by Izabelė Švaraitė
We should start by saying the headline doesn’t mean at all that there aren’t people in Lithuania who dislike Jews. There are abundant examples of hate in the past and the present, but as Klaipėda University historian professor Vygantas Vareikis says, anti-Semitic sentiments in the country formed under the influence of religion and neighboring states, ignorance or simply economic considerations. Unlike German, Austria or Poland, they were never consciously constructed into a political doctrine.
Professor Vareikis, who studies Jewish-Lithuanian relations, said religious animosity, or anti-Judaism, began to spread in Lithuania with the intensification of the ideology of the Catholic Church among the nobility. Vilnius University’s first rector Jesuit Petras Skarga wrote about Jews in terms of the theses used by St. Paul. that they were allegedly a nation which did not recognize the Christ and had murdered their prophets. But according to the way of thinking back then, Jews could return to the true faith by accepting Christianity. They weren’t the main target of the Catholics. “Conversion was always acceptable, and at one time, under the law of the Polish-Lithuanian state, a Jew who converted to Christianity could even acquire the status of nobleman,” the professor said. The public held a different view, there were widespread beliefs the Jews were trying to con Christians.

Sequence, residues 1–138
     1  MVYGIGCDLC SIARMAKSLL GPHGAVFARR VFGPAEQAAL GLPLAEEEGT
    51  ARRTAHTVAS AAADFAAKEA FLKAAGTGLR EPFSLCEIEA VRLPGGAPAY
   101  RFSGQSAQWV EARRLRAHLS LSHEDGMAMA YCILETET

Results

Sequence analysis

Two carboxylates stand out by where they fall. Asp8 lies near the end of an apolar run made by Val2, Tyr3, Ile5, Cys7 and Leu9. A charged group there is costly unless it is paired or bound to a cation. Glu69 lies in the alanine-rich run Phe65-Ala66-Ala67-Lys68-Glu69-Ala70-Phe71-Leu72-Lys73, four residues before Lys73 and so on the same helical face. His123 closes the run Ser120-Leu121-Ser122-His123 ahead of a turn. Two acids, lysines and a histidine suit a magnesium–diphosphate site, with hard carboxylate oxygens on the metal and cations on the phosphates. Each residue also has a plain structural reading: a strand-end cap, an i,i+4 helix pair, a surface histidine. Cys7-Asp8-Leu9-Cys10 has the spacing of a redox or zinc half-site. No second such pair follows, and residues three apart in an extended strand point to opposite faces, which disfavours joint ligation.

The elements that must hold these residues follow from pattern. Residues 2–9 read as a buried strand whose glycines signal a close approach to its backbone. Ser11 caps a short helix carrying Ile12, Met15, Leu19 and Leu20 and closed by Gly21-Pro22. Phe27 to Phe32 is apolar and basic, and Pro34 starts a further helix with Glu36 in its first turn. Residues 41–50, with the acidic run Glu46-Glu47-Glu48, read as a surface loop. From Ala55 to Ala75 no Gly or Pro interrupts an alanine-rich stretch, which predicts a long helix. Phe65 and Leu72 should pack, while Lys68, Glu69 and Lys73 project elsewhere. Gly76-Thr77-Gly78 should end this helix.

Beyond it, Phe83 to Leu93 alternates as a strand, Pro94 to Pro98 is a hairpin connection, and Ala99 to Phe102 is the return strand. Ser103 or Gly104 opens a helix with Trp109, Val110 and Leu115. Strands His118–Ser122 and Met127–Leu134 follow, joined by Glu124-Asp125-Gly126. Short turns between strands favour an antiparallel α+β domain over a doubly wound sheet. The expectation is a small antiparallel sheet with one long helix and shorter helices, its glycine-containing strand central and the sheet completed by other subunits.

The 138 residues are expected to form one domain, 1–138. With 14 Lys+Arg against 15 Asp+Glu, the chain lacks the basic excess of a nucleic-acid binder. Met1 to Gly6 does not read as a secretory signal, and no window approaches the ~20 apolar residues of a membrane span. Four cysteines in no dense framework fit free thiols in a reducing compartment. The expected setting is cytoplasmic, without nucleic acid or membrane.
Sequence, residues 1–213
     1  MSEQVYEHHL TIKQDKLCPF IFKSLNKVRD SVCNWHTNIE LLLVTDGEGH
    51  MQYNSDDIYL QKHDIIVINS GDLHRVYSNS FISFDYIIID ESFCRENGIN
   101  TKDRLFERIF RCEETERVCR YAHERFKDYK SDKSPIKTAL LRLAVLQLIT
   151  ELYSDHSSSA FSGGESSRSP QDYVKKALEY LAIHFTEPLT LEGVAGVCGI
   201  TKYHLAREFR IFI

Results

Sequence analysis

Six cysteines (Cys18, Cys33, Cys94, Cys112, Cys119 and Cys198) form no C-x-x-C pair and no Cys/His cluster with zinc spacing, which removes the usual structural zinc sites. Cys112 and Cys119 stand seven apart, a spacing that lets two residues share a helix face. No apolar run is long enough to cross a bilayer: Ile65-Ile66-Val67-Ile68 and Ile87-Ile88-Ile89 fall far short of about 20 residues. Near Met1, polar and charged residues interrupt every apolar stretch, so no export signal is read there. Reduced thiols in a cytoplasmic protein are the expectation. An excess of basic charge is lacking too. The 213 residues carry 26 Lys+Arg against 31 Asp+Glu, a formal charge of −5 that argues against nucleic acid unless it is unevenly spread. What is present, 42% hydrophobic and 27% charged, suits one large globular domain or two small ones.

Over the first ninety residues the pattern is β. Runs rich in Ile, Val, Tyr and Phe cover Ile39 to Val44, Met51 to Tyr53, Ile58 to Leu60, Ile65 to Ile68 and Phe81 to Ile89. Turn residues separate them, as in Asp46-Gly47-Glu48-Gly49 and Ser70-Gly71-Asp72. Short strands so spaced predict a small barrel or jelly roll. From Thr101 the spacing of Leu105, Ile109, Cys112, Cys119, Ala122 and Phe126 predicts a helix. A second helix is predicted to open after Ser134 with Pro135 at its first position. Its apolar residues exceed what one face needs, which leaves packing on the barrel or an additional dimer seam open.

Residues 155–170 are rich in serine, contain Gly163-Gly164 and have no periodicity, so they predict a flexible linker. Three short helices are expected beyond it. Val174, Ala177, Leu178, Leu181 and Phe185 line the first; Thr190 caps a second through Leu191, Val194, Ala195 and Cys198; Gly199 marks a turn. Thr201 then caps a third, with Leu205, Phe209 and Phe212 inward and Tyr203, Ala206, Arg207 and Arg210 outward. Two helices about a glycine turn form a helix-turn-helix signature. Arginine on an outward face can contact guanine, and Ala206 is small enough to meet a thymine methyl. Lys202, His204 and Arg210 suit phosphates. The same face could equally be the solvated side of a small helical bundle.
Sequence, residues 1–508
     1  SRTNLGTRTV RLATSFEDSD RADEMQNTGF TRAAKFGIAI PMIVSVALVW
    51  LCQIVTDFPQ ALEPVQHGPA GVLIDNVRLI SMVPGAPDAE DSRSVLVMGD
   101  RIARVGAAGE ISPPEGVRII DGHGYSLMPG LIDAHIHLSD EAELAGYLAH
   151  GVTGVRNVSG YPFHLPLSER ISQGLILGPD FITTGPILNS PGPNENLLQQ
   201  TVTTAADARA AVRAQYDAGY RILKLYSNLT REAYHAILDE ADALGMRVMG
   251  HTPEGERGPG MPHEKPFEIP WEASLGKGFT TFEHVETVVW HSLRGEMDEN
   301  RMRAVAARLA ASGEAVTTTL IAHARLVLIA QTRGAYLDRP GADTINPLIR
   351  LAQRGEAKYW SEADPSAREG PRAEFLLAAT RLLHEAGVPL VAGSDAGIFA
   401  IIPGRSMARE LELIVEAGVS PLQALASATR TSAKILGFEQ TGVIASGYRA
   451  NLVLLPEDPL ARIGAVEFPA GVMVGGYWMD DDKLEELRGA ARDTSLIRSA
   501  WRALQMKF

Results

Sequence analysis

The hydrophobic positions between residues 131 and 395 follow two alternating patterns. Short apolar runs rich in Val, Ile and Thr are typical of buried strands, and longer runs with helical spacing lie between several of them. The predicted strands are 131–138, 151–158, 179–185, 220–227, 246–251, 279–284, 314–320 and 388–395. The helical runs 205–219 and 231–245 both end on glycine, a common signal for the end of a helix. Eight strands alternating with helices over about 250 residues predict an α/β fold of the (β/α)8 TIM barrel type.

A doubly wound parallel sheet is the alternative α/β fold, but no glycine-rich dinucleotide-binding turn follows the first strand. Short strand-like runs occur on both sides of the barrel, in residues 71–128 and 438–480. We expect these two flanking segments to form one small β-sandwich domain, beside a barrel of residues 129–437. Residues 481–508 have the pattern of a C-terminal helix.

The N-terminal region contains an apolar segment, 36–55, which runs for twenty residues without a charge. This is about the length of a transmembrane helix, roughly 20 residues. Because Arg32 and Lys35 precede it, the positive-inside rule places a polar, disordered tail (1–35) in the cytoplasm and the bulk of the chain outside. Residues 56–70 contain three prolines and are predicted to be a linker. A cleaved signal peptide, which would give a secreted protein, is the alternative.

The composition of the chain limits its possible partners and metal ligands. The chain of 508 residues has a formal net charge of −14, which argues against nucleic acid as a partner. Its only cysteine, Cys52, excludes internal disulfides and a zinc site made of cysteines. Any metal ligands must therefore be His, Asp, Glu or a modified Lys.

Full story in Lithuanian here.